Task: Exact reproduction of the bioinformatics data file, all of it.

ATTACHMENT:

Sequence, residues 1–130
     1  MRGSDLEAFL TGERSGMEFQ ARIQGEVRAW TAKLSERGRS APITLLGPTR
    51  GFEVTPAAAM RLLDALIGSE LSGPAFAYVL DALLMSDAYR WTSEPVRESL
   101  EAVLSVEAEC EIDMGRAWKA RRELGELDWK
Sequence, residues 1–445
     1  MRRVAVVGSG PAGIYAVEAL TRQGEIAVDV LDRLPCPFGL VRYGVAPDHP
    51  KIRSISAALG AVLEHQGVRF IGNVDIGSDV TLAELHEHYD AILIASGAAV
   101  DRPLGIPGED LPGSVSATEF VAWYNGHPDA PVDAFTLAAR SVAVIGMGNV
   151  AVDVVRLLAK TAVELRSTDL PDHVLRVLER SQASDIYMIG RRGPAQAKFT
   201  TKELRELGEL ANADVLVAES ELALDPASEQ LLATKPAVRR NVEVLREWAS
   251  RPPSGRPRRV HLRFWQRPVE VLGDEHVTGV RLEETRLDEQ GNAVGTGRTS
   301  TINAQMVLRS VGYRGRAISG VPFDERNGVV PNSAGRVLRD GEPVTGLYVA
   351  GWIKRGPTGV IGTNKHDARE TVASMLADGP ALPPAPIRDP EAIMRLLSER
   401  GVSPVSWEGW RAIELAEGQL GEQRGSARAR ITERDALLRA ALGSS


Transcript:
Sequence, residues 1–130
     1  MRGSDLEAFL TGERSGMEFQ ARIQGEVRAW TAKLSERGRS APITLLGPTR
    51  GFEVTPAAAM RLLDALIGSE LSGPAFAYVL DALLMSDAYR WTSEPVRESL
   101  EAVLSVEAEC EIDMGRAWKA RRELGELDWK
Sequence, residues 1–445
     1  MRRVAVVGSG PAGIYAVEAL TRQGEIAVDV LDRLPCPFGL VRYGVAPDHP
    51  KIRSISAALG AVLEHQGVRF IGNVDIGSDV TLAELHEHYD AILIASGAAV
   101  DRPLGIPGED LPGSVSATEF VAWYNGHPDA PVDAFTLAAR SVAVIGMGNV
   151  AVDVVRLLAK TAVELRSTDL PDHVLRVLER SQASDIYMIG RRGPAQAKFT
   201  TKELRELGEL ANADVLVAES ELALDPASEQ LLATKPAVRR NVEVLREWAS
   251  RPPSGRPRRV HLRFWQRPVE VLGDEHVTGV RLEETRLDEQ GNAVGTGRTS
   301  TINAQMVLRS VGYRGRAISG VPFDERNGVV PNSAGRVLRD GEPVTGLYVA
   351  GWIKRGPTGV IGTNKHDARE TVASMLADGP ALPPAPIRDP EAIMRLLSER
   401  GVSPVSWEGW RAIELAEGQL GEQRGSARAR ITERDALLRA ALGSS